Words are Power: Writing Authoritative Documentation

One of the hardest problems in both Closed and Open Source Software is
documentation. How do we convey what the software does? How do we keep it up to
date? I could list more but the problems in that space alone are enormous. With
this post I want to talk about something I've noticed recently in various bits
of documentation and how you can avoid it in your own work.

Often we use words like "Sort of", "Could", "maybe", etc. in our every day
speech. It's what I like to describe as hazy language. Yes it implies that
things are like that, but it doesn't authoritatively say "This is how it is."

When it comes to every day speech that's totally fine! Your thoughts might be
buffering in a conversation, you might actually be describing possibilities, and
things that could be, but that's not the language you should be using with
documentation.

Your documentation of your projects or those you contribute to are "The Source
of All Truth." It's the gospel. When people look at them and read them they
should know that "This is it, there's no doubt in my mind that I have to do it
this way."

However, many of us write how we talk, we say things how we would describe
something to someone if they were in front of us. They're not though! These are
documents read by developers at different times of the day and guess what?
You're not there. These docs are your proxy to talk to other developers and
convey how to use your work!

How do you write your documentation in such a way that it's clear, concise, and
authoritative? I've included a few tips below that should help:

  • Avoid non committed answers. "Sort of", "maybe", "well actually", things like
    this should be avoided. What you are writing either is or is not. Either you
    do it this way or you should not do it this way. There should be no doubt in
    your users mind as to how to use it!

  • If you find that you're saying things like "well sometimes" then this means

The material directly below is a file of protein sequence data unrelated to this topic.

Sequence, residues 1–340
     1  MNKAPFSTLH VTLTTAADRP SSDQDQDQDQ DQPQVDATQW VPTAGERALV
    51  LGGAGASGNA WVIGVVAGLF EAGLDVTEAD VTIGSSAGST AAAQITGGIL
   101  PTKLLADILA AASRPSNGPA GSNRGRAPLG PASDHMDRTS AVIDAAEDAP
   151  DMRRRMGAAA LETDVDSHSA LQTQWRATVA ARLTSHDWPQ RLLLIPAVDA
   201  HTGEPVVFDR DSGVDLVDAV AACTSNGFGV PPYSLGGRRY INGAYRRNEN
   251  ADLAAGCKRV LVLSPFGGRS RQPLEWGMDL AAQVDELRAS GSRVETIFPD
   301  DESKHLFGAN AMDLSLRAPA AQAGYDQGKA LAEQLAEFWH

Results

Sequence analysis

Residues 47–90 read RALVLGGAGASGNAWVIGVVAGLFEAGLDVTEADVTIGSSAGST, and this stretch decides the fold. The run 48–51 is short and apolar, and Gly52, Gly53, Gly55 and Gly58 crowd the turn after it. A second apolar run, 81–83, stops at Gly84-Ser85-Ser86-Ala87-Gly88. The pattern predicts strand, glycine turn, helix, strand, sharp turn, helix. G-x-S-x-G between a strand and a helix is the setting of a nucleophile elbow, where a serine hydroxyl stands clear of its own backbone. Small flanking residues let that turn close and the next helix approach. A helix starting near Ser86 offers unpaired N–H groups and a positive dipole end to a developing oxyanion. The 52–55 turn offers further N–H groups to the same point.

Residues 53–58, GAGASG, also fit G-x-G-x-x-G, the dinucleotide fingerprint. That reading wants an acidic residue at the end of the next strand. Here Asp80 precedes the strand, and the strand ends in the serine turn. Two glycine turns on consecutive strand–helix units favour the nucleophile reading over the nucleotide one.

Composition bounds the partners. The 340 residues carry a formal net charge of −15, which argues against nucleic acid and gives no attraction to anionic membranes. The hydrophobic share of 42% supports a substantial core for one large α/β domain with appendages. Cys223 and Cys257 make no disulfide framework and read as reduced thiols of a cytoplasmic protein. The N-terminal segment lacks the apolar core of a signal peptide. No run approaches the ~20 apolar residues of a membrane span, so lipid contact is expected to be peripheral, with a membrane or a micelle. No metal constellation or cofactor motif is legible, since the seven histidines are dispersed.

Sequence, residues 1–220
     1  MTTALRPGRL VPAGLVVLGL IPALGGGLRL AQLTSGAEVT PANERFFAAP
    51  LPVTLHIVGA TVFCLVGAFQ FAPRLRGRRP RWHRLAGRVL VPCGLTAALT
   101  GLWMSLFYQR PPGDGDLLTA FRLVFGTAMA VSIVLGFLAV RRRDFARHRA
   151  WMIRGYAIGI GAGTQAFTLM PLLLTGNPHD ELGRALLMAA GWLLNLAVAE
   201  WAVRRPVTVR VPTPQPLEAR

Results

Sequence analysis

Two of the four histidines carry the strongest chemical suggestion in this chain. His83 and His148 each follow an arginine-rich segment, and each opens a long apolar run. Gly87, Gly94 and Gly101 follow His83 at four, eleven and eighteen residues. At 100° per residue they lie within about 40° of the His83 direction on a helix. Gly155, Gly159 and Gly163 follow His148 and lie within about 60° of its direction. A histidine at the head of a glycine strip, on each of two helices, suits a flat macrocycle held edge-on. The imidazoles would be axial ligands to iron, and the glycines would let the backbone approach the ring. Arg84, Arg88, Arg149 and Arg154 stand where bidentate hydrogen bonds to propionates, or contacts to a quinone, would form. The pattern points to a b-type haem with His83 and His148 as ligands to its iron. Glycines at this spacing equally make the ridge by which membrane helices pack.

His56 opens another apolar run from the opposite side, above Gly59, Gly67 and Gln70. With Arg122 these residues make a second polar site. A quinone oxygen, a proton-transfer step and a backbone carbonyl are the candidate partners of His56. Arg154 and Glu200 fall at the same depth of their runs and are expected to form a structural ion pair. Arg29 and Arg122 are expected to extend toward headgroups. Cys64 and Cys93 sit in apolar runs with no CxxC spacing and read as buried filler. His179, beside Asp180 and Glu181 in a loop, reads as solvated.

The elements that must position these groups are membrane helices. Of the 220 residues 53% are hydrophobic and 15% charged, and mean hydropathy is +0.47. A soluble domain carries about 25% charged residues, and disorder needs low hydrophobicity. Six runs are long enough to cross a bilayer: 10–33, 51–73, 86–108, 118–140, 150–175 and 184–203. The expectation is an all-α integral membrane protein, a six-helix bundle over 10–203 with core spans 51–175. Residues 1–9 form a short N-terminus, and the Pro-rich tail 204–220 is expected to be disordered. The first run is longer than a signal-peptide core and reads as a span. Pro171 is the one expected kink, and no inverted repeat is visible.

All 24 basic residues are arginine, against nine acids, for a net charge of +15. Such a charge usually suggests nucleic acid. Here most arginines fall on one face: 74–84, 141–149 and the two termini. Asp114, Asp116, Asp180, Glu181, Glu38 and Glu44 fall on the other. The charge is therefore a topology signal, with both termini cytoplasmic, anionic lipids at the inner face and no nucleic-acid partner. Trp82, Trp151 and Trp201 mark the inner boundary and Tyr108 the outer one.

there's an odd use case that should be documented and well, possibly with it's
    own section! It means that there's some caveat the caller should be aware of
    and they need to know. Example:

    "Well sometimes if you call this method fail because another thread has a lock
    on the data." vs. "If you call this method you need to make sure no other
    thread has a lock on the data or else it might fail and panic."

    The first way is flaky and doesn't give context or the failure state, the
    second does.

  • Clearly define what you're documenting. Avoid flowery language that doesn't
    add to the sentence and only causes more confusion. Example:

    "If you use this method a really cool thing will happen. The event loop will
    start up and what do you know, you have asynchronous programming available to
    you!" vs "Calling this method activates the event loop allowing you to spawn
    asynchronous events"

    The first is better for a blog post walking through things, the second is
    authoritative and better for documentation.

  • If you are describing a process for a project, such as this is how PRs are
    done, you absolutely must use authoritative language. If you require your
    users to fill out a form to file a bug report you must say so in your
    documentation somewhere. If you say you "should maybe fill out this form and
    I'll get back to you" it's implying you might not need to, that this process
    is optional. This places a burden on you, the maintainer, and on the user who
    then files a bug report incorrectly. Document. Your. Processes. It'll spare
    you the headache in the long run.

  • Read your documentation out loud to yourself. Does it sound awkward, wishy
    washy or meh? You probably need to rewrite it. Dog food your documentation. If
    you feel like it's not descriptive change it!

  • Have someone else look it as well. They'll probably catch something you
    haven't caught and can tell you when it feels to casual and not descriptive
    enough.

If you keep these in mind you should be in good shape. Documentation is hard.
Writing docs that empower your users is even harder, but being authoritative on
the library with documentation is the easiest win you can have.

Remember, words are there to convey meaning. Documentation is also meant to
precisely convey that meaning, so take that tone with the words you choose as
well!